OPINION: The Drones Are Here, Dont Look Up
In 1962, France conducted a nuclear test in the deserts of its former colonial territory, Niger. Nigeria and a few other nations were outraged. Nigeria took very strong steps to protest, including a suspension of diplomatic relations with France. Niger Republic was made to feel the anger of a very intimate neighbour, but is doubtful if it could have done anything about it. In 1964, Israel gave a few million dollars as foreign aid to Nigeria. Although foreign policy was in the exclusive list, the Northern Regional government decided it was not going to accept any part of the aid for political reasons. The rest of the country shared the aid. During the Nigeria civil war, France worked frantically to whip up support for the rebel cause, and having recognized Biafra itself, succeeded in getting a few African countries to support the breakup of Nigeria. It lost its cause, and promptly found new opportunities in the Nigerian economy and market that soon became one of its largest in Africa.
From the early 1970s until the successful establishment of ECOWAS as a regional economic grouping, Nigeria and Togo run into French resistance at every turn. Nigeria in particular was seen by France as a major potential rival in francophone Africa; and Nigeria in turn viewed France as a major obstacle in the attempt to fully decolonize West Africa. In 1975, Nigeria took momentous decisions to challenge European support for apartheid, and flexed its muscles in a historic series of events that dealt fatal blows to a regime that drew its life blood from Britain, France, Holland and a few others. Nigeria rallied Africa around a resistance against a system that negated every element of our humanity. The system crashed a few years later not only in Angola, Mozambique and Guinea Bissau, but in its most fortified enclave, South Africa.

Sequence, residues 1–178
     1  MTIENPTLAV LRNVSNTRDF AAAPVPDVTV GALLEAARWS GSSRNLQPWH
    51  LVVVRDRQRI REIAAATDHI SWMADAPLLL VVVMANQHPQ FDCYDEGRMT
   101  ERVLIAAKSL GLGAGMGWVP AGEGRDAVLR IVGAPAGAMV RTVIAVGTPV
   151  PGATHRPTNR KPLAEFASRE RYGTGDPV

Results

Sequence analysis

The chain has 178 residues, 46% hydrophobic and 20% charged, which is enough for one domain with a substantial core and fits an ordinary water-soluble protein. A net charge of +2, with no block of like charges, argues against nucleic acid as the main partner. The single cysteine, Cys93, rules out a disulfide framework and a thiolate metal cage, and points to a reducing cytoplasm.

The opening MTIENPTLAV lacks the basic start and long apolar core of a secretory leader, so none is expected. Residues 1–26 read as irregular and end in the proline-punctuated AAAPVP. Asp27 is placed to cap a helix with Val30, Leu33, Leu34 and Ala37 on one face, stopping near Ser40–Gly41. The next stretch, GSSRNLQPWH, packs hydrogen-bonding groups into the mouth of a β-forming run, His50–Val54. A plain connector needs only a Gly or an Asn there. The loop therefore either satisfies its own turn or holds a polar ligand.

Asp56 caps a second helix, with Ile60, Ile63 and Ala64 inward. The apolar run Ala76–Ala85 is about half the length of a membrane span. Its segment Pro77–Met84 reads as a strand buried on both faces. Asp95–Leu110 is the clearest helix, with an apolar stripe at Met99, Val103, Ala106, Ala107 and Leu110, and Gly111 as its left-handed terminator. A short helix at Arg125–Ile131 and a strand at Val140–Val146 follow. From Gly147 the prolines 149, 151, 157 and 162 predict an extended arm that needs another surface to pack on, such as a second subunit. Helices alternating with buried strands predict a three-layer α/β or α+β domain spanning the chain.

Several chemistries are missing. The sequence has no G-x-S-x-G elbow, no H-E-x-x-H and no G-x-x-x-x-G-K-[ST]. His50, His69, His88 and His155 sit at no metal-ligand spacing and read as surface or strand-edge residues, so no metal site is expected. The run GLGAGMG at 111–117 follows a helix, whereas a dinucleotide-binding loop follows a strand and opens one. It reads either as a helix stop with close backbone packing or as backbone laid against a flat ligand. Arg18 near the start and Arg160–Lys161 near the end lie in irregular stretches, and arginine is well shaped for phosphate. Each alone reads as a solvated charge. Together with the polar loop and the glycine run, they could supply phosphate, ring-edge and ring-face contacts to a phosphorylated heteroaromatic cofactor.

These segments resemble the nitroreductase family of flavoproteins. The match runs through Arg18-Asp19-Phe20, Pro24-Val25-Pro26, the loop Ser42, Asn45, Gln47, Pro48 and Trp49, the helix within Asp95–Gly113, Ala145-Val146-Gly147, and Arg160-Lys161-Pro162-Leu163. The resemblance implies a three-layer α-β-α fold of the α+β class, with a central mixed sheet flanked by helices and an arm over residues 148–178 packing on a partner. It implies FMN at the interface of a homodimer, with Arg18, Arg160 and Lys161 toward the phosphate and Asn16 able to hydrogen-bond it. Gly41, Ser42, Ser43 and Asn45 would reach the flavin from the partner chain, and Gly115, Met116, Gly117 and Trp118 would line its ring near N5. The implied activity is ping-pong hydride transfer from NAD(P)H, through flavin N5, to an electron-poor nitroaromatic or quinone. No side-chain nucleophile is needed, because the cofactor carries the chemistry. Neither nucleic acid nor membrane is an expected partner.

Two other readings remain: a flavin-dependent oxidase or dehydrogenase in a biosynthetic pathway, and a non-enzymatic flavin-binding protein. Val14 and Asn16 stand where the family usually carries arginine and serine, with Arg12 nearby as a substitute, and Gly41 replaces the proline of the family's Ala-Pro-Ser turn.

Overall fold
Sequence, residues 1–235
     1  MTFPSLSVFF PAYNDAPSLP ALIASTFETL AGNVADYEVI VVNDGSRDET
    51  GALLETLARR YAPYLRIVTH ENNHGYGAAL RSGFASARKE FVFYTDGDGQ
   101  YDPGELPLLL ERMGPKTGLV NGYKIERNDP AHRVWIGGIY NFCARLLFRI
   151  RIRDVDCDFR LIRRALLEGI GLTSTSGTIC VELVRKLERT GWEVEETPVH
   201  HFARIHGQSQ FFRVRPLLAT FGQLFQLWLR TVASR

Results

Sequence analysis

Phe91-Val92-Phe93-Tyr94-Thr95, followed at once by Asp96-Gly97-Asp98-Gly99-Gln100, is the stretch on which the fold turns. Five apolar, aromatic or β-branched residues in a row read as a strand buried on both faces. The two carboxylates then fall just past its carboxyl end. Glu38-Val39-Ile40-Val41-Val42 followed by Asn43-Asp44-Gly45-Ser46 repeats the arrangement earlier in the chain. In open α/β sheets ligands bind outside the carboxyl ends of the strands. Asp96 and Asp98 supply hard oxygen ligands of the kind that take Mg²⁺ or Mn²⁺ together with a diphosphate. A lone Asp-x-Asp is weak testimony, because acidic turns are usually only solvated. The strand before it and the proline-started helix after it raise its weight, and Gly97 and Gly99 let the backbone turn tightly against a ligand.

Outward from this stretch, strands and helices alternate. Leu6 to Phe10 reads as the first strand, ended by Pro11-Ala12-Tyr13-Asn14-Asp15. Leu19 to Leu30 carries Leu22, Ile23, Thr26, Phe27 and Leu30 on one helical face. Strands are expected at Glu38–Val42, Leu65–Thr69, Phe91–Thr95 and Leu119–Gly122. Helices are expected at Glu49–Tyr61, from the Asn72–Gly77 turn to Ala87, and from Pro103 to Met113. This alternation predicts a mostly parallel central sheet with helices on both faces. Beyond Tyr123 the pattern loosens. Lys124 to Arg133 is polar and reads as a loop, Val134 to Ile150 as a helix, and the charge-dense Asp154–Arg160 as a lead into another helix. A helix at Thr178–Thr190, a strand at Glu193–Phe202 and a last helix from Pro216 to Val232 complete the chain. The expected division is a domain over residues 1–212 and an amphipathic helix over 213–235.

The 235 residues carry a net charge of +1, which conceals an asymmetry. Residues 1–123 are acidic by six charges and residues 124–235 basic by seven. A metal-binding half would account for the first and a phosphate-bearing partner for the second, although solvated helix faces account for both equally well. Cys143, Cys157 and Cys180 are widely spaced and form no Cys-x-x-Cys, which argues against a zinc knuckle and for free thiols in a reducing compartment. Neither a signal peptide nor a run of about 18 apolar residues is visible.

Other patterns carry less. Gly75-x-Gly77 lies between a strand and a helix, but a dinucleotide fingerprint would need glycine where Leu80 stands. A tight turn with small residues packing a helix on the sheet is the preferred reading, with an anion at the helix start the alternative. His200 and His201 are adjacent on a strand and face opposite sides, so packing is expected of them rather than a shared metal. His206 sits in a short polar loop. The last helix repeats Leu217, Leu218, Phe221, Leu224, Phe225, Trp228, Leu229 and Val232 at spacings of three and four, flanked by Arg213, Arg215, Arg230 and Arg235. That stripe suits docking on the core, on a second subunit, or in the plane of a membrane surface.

A nation of 170million people, with resources and potential to become a leading world economic power became content to be ignored or pushed around by smaller nations, or others who previously trembled over its anger on matters that affected Africa. It is now at a stage when the British Prime Minister will announce plans to investigate how its leaders used the trillions of dollars it earned. It is the nation which is begging, knees on the ground, the United States, Britain and everyone else who cares to look in, for help to deal with a home-grown insurgency, even though they all give the same response: look inwards, the answers are there. This is the nation which a few years ago joined the rest of Africa in resisting the creation of bases for operations of a United States Africa High Command (AFRICOM); but is now asking the same US for any help to deal with a domestic security threat.
This nation, without muscle, vision or respect, is now a cheerleader for a French blitz in Mali. Its troops will sacrifice lives and limbs, earn a few dollars, and probably be allowed a few crumbs in equipment, but they will only legitimize French and its allies’ recolonization of Africa. This is the nation which is now a spectator in an unfolding drama which will expand the threats in Africa, and secure strategic, long-term interests of western nations.
The drones which will have bases in Niger Republic will make profound statements over the abject impotence of Nigeria in influencing affairs around its citizens and Africans. They will tense up and complicate an already delicate security situation. They represent intolerable threats to the remnants of our territorial integrity and sovereignty, and they should not be allowed to stay. The government of Niger Republic should be prevailed upon to review its agreement to provide bases for U.S drones. If the administration of President Jonathan is unable or unwilling to this, citizens should raise their voice until it does. We may be sinking as a nation, but we have not hit the bottom yet.
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